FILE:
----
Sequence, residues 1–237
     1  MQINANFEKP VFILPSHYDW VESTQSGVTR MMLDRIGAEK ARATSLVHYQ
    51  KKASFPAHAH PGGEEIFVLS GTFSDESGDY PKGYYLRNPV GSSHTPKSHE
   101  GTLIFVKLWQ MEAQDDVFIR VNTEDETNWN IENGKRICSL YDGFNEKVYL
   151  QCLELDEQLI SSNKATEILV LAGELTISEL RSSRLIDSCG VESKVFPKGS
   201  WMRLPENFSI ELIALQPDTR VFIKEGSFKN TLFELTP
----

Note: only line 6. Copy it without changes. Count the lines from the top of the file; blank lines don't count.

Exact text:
   201  WMRLPENFSI ELIALQPDTR VFIKEGSFKN TLFELTP